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Teaching the swing for rowing stroke

In Marlene’s description of the sculling stroke she describes preferring applying the swing earlier in the stroke than … read more

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In Marlene’s description of the sculling stroke she describes preferring applying the swing earlier in the stroke than what other coaches have instructed (legs, back, arms)  please provide the rationale for this preference.

Marlene Royle’s answer: I do not coach an extremely segmented style, I coach a more collected style emphasizing drive suspension and body weight so the peak

Coaching Rowing Swing
Coaching Rowing Swing. Photo credit:

force is through the perpendicular, waiting until the leg drive is all the way down puts quite a lot of stress on the back especially for masters and if one’s posture is not firm. To develop good flow in a stroke there should be smooth overlap of the muscle groups.

I tend to start the swing just as the oar is perpendicular to the boat— I seem to maintain suspension – should the arms add in before the back finishes.

You would have to look at your hips and weight on the seat to see if you are holding the suspension or not. If the bow drops at the release the suspension is not being held. If weight settles on the seat during the drive weight is not being held. So you have to look at those things.

The closeness of sequencing of muscle groups can vary from athlete to athlete depending on their dimensions. I am looking for arms/body/legs completing close to the same time, weight into the pin so you do not drop weight on the seat at the release and transition away.

As long as the legs and hips fire first the body swing is a stylistic element of a coach, once the heels are down and hips moving you can begin to swing, as a “cookbook” reference start to draw the arms when the wrists are over the knees. Yes before the back finishes. But this is how I coach for a sculler, an 8+ moves faster so the timing might be a little different but I still would not wait so long to bring on the arms. Essentially you have to look at the rowers and see their sequencing and where their weight is being applied through the drive.

Learn more about the Rowing Stroke Drive Phase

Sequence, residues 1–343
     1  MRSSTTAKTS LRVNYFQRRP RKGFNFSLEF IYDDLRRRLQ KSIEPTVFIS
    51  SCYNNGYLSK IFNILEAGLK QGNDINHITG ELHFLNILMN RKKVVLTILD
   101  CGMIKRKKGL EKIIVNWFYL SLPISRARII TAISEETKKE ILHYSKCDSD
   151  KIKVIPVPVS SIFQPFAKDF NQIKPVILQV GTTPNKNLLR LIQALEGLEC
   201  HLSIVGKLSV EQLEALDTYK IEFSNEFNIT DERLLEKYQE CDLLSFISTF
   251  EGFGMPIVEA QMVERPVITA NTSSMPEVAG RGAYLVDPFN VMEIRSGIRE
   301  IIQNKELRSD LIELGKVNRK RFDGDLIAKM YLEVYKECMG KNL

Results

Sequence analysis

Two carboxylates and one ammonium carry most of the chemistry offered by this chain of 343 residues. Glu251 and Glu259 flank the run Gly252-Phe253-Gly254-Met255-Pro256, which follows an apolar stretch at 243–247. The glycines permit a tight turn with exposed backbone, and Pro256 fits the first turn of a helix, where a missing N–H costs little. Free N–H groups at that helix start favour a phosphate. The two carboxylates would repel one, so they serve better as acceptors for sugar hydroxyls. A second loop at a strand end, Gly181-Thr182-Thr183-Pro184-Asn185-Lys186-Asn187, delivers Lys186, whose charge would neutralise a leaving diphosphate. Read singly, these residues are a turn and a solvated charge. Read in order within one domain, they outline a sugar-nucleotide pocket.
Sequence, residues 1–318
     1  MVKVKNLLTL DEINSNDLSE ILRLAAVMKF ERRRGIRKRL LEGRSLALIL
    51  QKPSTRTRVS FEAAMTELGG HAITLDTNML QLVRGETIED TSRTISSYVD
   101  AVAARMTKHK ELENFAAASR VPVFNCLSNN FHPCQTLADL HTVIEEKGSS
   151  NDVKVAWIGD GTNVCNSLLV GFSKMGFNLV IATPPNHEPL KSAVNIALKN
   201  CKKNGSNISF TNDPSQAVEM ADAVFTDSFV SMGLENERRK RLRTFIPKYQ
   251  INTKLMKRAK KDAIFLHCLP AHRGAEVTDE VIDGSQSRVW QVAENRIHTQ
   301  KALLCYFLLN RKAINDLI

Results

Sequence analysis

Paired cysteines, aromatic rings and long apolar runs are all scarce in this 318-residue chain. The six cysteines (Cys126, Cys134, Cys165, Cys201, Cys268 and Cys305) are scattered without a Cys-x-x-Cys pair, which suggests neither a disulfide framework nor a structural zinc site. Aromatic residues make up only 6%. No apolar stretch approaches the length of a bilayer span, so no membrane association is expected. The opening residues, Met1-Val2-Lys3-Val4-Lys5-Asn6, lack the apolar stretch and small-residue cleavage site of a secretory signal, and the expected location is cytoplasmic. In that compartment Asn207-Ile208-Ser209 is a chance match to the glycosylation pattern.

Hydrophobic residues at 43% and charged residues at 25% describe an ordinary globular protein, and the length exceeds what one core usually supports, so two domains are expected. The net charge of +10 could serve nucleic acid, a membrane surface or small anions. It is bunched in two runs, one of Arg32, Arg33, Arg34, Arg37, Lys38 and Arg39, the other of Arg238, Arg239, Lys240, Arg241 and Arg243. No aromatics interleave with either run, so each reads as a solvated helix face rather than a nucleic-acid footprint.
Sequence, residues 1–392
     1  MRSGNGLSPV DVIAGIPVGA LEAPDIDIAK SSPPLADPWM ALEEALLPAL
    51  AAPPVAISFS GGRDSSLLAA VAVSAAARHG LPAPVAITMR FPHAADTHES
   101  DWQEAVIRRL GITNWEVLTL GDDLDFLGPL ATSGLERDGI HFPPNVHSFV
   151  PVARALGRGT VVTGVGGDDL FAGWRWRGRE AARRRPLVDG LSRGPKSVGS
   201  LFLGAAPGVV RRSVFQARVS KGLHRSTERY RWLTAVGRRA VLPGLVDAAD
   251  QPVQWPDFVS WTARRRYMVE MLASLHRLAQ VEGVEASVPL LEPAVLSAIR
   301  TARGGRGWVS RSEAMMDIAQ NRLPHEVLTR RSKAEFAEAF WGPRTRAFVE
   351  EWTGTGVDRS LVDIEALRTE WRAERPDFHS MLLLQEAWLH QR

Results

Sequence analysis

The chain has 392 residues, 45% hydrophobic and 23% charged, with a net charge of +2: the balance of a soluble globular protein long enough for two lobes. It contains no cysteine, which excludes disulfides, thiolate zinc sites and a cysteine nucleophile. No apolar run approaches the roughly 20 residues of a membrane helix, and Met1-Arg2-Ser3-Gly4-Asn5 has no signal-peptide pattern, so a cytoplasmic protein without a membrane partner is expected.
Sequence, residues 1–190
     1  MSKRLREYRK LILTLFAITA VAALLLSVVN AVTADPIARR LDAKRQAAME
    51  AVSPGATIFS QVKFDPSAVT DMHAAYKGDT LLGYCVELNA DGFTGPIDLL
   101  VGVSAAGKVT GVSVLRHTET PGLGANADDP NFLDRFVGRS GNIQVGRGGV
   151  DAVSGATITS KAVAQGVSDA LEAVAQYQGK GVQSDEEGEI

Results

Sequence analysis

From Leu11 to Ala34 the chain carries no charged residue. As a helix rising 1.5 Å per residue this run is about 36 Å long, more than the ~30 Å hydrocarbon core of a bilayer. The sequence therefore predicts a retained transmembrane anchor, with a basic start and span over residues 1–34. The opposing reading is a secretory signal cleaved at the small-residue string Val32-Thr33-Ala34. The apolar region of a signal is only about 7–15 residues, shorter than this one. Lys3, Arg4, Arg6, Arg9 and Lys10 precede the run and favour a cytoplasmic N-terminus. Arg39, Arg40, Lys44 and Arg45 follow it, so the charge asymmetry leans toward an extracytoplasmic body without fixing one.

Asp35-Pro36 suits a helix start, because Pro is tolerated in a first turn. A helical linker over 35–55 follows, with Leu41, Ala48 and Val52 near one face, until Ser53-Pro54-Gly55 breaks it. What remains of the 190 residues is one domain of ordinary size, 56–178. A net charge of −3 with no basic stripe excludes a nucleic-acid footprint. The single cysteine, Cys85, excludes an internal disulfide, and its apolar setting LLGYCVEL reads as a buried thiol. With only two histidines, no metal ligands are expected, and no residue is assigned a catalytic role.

1. Imagine holding the end of a length of chain or rope lying on the ground (a slinky is even more fun!). Move your end sharply to one side and back and watch the other end move.  How do you get the fastest, whippiest movement from that last link?  The answers are in our six article sequence about the Rowing Stroke, Rowing Stroke Drive. 
  2. Developing Stroke Power ebook 
  3. Article: How to improve your strength and get good drive – Clue – it’s by getting powerful
  4. Rowing Stronger ebook by Will Ruth – Strength Training to Maximize Rowing Performance
About Rebecca Caroe
Rebecca is the host of RowingChat podcast and is a masters athlete and coach. Passionate about helping others enjoy the sport as much as she does. View all posts from Rebecca Caroe

One thought on “Teaching the swing for rowing stroke

  1. The fact is, that if you want the strongest, fastest, and overall best stroke, you do get all three movements (legs, back, arms) going at the same time. The legs must inniciate, but the back starts into the movement immediately afterwards, you can say that the arms go at the same time, but you shouldn’t know it. The legs being more powerful than the back (and arms, combined), if the legs are driven correctly the back won’t actually move from the catch angle until the legs get to a point where they are weaker than the legs. And the arms should have the same problem moving until the back is at a weaker point because of the angle created. I do believe their should be a point where the back stops swinging and leaves the hips at a good angle and the body weight still up on the middle front of the seat, thus not crashing body weight into the bow and downwards. Best example while (standing) on dry land would be to take a ball (basketball, up to a 10 lb. weighted ball) and try to throw it as high as possible with a two handed throw from the ground to over your head. Knees bent, back at a good strong forward angle and arms extended down toward the feet. Now use the same motion to throw the ball as high as possible. You must start legs, then back, then arms. With appropriate resistance you will get the mechanism of the timing almost identical to a rowing stroke so that the ball gets to its best height. Start the back or arms first, it’ll be very obvious how that wouldn’t work.

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